To counter the undercapitalization of companies, Belgium introduced a thin cap scheme in the past.
This current scheme will soon be replaced by a new interest deduction limitation.
The current scheme: thin cap of 5:1 debt/equity ratio
In the current scheme, interest on loans paid to certain actual beneficiaries are not deductible as professional expenses if and to the extent that:
The total amount of the loans exceeds five times the sum of:
- the taxed reserves at the beginning of the taxable period and
- the paid-up capital at the end of the taxable period.
The total amount of the loans received is the debt balance on which the interest paid is calculated. The nature of the loan is not important. Both ordinary loans, current accounts, loans represented by securities, .... are covered by the scheme.
Only payments to certain beneficiaries are covered by the rules, in particular:
- Beneficiaries who are not subject to income tax or whose interest income is subject to a tax scheme that is considerably more favorable than the Belgian (= payments to tax havens) or
- Beneficiaries who are members of the same group as the debtor (= affiliated companies).
The new scheme as from January 1, 2019
For accounting years starting from January 1, 2019 (tax year 2020), the current thin cap scheme is largely replaced by a new interest deduction limitation, under the influence of the European ATAD directive (Anti Tax Avoidance Directive).
Based on this new deduction limitation, the net borrowing cost (= the so-called financing cost surplus being the positive difference between the total amount of interest charges and the total amount of interest income) is not deductible to the extend it exceeds:
- EUR 3 million and
- 30% of the taxable EBITDA of the taxpayer.
Any excess financing cost surplus that cannot be deducted can be carried forward to subsequent taxable periods.
If the company is affiliated with other companies on the basis of Article 11 of the Company Code, the de minimis rule and the taxable EBITDA must be determined on the basis of an ad hoc consolidation whereby the EUR 3 million threshold is proportionally spread over the Belgian group entities. A Royal Decree will need to provide further details about the modalities. In addition, a transfer of the non-deductible part of the financing cost surplus to other Belgian group entities is possible on the basis of a formal agreement.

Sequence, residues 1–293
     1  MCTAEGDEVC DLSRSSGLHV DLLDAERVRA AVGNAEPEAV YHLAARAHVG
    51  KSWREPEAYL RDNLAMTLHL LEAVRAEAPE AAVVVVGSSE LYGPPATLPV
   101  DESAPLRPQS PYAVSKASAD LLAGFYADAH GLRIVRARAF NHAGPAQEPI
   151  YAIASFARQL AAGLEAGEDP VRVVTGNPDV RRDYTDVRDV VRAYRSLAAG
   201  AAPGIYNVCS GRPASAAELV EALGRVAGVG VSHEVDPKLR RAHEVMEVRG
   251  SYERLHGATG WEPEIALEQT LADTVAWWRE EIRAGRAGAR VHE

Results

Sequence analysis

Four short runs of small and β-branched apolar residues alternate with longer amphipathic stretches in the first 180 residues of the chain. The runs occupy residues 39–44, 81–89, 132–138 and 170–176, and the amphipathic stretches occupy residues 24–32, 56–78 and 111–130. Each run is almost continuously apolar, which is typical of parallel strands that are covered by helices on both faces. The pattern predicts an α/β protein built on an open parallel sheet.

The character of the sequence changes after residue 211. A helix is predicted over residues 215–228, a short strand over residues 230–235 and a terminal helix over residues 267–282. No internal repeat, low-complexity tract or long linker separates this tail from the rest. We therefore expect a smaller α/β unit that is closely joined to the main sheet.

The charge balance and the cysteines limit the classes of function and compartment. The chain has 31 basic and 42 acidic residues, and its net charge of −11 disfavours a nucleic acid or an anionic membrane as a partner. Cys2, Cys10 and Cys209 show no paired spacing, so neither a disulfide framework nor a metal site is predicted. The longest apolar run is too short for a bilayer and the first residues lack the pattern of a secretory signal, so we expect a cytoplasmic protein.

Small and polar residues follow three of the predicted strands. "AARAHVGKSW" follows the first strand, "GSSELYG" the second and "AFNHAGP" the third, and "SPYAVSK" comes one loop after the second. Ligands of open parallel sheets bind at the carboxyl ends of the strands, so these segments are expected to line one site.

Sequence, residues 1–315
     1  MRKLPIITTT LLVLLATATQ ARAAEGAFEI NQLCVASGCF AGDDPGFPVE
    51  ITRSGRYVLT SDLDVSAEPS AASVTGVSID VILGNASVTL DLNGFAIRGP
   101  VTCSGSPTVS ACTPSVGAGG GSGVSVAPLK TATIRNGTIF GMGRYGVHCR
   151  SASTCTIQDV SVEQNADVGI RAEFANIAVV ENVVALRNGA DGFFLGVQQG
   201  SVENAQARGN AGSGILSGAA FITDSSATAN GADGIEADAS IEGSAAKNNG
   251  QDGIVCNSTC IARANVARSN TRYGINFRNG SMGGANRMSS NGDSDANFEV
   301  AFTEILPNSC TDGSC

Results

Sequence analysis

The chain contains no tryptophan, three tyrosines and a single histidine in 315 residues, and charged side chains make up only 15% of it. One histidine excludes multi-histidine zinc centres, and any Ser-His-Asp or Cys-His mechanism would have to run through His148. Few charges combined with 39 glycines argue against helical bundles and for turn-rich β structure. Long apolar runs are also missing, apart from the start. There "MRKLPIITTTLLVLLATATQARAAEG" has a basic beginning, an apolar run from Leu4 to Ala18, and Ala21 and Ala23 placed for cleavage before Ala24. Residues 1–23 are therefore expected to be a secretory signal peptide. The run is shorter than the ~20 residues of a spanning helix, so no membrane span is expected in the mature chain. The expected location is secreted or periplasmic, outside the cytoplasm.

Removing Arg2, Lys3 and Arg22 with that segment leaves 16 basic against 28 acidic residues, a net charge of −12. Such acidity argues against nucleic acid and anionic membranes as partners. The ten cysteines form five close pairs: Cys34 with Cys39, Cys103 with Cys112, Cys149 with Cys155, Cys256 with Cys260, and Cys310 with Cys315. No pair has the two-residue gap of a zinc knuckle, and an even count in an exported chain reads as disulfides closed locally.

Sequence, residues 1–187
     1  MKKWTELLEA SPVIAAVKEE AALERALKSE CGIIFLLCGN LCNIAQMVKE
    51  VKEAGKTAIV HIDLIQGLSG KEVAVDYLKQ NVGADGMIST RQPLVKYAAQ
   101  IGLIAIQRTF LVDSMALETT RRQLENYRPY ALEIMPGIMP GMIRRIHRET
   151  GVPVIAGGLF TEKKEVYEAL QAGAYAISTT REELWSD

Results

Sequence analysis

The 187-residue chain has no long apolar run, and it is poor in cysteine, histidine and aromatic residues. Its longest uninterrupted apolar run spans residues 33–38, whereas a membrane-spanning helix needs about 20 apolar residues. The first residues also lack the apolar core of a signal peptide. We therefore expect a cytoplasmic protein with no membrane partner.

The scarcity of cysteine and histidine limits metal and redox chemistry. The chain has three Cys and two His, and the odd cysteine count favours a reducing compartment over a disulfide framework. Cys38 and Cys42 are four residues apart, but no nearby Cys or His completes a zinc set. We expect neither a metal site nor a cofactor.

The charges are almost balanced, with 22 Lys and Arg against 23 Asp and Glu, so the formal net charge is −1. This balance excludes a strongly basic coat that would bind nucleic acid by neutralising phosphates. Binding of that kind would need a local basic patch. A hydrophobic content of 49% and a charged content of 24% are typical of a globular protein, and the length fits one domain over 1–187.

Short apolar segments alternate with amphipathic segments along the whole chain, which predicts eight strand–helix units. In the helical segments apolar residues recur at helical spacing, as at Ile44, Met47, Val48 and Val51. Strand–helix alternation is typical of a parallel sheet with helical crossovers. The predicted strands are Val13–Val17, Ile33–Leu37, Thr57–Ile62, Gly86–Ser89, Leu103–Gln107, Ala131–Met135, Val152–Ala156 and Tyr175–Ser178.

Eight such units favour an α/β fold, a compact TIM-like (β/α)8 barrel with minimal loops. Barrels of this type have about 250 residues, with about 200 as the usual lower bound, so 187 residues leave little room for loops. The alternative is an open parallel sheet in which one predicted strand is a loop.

The new deduction limitation applies in principle to all Belgian companies subject to corporate tax and to Belgian establishments of foreign companies subject to non-resident tax, with the exception of, among others, financial institutions, companies whose sole activity is the execution of projects of public -private cooperation (PPP) and “standalone” companies, i.e. companies that are not part of a group of companies, and satisfy certain other conditions.
As mentioned above, the new regulation applies from tax year 2020 (financial years starting from 1/1/2019).
However, the old thin-cap scheme continues to apply to:
- Interest paid to tax havens
- Interest on intercompany loans taken out before 17 June 2016 provided no fundamental changes have been made since that date. What is considered a fundamental change is not really clear yet.
This means that for loans received from 17 June 2016, the old thin-cap scheme will continue to apply for interest paid during the fiscal year 2018 and that the new rule will only enter into force from the financial year 2019.
The new interest deduction limitation is far more robust than the current thin cap rule and gives less room for manipulation.
However, the practical application is complex especially the ad hoc consolidation for groups and the calculation of the limitation amounts.